As Uganda continues the inevitable path of debt acquisition for development, lessons can be drawn from utilization challenges leading to debt accumulation for future reflection. The rate of contracting new loans has over the years risen much faster than the rate of absorption. By end of June 2016, the total debt outstanding was at 52% of GDP, of which only 34% of GDP was disbursed. 
 The Auditor General validates this position in his report (December, 2016) for FY 2015/16 which indicated UGX 18 trillion remaining undisbursed attracting commitment fees of UGX 20billion. The same report notes that undisbursed loans attracted commitment fees worth USD18.8m between 2007/08 and 2015/16.  Also, the level of disbursed loans reduced from 63% of the total external debt to 51% in the same period. The report also highlights that out of 96 loans sampled for the period 2010 to June 2016 totaling to USD8.8 million, only 24.5% was disbursed. 


Uganda is one of the countries with the fastest population growth in the world. Estimates show that the population has grown to about 40 million in 2017 from just 5.1 million in 1950.  However, out of this population, children below the age of 15 account for about 48 percent, adults between 15 and 65 years of age account for 49 percent, and about 3 percent are more than 65 years old.  Moreover, the largest population resides in rural areas and their primary source of income is agriculture which is burdened by low productivity and low budget allocations.
It should be our concern whether the growing population is of importance to our economy. From the theoretical analyses, some authors clearly argue that high population growth creates pressures on limited natural resources, reduces private and public capital formation, and diverts additions to capital resources to maintaining rather than increasing the stock of capital per worker. This has already manifested its self in Uganda especially in many cases where citizens have encroached on reserved areas like forests, swamps among others. 
 In a different perspective, population growth is good for the economy to the extent that people are empowered economically enough to create demand for the produced commodities. Also high populations increase economies of scale, and allows for specialization at work.
In the Ugandan case the highest proportion of her population comprises of young people who are dependents. Most of these youths do not have adequate education and those who are fortunate to have an education lack appropriate employable skills. This clearly increases the burden on a few working population and on the scarce available resources.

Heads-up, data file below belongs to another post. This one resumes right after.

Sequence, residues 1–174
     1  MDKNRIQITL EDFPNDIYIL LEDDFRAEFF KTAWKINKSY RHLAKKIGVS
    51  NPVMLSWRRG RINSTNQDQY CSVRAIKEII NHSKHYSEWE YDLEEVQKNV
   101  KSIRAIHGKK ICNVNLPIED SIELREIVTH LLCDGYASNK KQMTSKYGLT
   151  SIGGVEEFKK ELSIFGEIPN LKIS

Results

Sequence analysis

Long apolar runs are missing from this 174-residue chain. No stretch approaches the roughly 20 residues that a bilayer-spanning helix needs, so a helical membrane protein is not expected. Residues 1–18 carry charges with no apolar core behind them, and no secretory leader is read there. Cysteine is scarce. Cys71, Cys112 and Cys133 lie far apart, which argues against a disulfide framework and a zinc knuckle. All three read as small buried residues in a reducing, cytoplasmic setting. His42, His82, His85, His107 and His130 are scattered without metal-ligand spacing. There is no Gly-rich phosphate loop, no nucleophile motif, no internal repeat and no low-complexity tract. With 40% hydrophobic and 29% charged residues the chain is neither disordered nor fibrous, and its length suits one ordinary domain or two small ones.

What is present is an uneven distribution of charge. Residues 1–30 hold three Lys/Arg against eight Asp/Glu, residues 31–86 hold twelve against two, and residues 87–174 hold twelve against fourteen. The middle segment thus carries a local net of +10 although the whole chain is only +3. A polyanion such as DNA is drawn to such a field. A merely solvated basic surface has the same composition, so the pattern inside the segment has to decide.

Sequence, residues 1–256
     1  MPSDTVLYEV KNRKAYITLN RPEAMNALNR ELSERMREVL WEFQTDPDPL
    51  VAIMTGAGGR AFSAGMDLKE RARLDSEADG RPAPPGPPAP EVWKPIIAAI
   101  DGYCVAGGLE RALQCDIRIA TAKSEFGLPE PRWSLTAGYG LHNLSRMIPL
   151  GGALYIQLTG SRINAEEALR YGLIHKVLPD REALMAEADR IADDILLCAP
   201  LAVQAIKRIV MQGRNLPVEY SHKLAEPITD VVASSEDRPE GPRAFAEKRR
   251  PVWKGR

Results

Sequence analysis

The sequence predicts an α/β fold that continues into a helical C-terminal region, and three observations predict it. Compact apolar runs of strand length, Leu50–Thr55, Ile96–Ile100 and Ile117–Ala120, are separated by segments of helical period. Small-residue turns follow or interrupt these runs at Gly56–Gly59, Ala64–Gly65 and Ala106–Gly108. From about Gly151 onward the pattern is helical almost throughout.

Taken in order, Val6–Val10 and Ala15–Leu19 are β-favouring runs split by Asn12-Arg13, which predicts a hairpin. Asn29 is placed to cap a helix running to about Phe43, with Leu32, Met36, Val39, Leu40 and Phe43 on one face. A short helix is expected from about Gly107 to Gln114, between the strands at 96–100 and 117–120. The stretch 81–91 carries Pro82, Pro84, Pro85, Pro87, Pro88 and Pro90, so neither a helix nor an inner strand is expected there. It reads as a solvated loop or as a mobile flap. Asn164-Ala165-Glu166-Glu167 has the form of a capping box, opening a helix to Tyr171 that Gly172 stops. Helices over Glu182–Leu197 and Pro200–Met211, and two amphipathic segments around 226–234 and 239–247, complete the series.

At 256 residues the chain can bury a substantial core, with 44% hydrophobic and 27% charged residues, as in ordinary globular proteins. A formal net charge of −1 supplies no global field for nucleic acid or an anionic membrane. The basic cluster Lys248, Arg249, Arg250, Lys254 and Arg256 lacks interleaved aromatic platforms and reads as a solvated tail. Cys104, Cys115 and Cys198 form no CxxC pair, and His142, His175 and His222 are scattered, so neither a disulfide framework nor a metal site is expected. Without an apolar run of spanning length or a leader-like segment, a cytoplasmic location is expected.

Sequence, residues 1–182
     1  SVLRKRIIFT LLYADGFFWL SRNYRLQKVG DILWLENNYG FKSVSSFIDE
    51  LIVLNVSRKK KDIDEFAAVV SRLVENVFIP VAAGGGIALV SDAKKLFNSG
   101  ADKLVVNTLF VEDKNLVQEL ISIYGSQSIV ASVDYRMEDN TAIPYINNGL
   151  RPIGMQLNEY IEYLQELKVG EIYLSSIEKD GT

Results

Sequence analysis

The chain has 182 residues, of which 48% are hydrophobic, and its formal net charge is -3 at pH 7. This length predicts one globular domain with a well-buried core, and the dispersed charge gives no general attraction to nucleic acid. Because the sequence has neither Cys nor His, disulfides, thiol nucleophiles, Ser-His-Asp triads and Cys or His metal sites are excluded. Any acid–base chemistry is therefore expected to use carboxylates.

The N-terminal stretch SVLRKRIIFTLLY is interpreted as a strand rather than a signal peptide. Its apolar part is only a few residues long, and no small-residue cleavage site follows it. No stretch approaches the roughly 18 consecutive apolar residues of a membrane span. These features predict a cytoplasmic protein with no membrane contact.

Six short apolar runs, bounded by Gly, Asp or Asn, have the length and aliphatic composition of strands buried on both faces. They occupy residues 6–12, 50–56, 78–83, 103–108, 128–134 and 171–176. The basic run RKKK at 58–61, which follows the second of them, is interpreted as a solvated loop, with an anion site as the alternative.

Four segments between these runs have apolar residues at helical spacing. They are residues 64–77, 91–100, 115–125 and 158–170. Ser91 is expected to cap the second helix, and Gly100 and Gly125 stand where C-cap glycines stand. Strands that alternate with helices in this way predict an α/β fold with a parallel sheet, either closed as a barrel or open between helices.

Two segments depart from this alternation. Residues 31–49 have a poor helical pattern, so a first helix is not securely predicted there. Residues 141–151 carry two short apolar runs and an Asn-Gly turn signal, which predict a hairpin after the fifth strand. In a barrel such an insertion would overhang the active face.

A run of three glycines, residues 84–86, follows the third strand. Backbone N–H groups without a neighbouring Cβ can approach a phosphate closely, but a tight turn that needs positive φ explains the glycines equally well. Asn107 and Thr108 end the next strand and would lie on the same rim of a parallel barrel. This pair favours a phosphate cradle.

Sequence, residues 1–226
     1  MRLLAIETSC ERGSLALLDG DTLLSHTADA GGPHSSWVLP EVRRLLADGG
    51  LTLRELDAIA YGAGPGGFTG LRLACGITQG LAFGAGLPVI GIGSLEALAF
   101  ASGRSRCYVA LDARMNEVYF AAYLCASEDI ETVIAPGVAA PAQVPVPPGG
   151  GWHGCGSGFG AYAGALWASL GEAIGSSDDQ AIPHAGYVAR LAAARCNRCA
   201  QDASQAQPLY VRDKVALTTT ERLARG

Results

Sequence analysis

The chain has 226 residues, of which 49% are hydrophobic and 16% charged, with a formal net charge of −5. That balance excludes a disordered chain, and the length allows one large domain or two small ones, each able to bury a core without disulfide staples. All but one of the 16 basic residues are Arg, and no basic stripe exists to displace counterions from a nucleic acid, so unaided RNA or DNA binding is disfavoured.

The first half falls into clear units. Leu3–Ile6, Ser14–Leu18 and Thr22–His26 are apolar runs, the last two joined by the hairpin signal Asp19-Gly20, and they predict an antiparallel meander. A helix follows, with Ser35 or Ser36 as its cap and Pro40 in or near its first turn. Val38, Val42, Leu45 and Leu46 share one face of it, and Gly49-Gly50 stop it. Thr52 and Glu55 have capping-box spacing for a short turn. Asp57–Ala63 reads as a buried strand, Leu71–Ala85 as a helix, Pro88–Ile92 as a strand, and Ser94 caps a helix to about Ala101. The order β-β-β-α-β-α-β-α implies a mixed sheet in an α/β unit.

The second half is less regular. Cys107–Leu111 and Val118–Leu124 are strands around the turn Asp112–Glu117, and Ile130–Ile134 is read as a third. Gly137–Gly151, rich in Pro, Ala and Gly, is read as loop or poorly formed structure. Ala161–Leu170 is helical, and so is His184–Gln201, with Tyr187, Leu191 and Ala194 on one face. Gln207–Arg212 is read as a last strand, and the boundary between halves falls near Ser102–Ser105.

With this state of affairs, it is important that authorities incorporate appropriate policies in Uganda’s development agenda to unlock the population dividend. This can be done by increasing budgetary expenditures in sectors with high multiplier effects, including but not limited to: agriculture; tourism; and science, technology and innovation which might absorb the seemingly growing and young population.
Richard Ssempala- Research Associate Uganda Debt Network.
Uganda’s economy promisingly grew on an average of 7% per annum for the last decades during 1990-2010.However, during years 2011 to date this rate has slowed down to an average of 5.5 % per annum. Current estimates indicate that the economy will underperform with growth expected at less than 4 percent due to prolonged drought, political instabilities in South Sudan, slow execution of externally-financed public investments, among other factors.
The slowdown in growth however is prevailing with the increased public debt figures which could have prompted the president to halt the approval of 11 loans worth US$ 914.79m by the Parliament. According the Bank of Uganda’s   State of Economy Report (March 2017), Uganda’s public debt is at stand of 32.45trillions.  Out of this, domestic debt contributes about Shs. 12.56 trillion and external debt Shs. 19.89 trillion.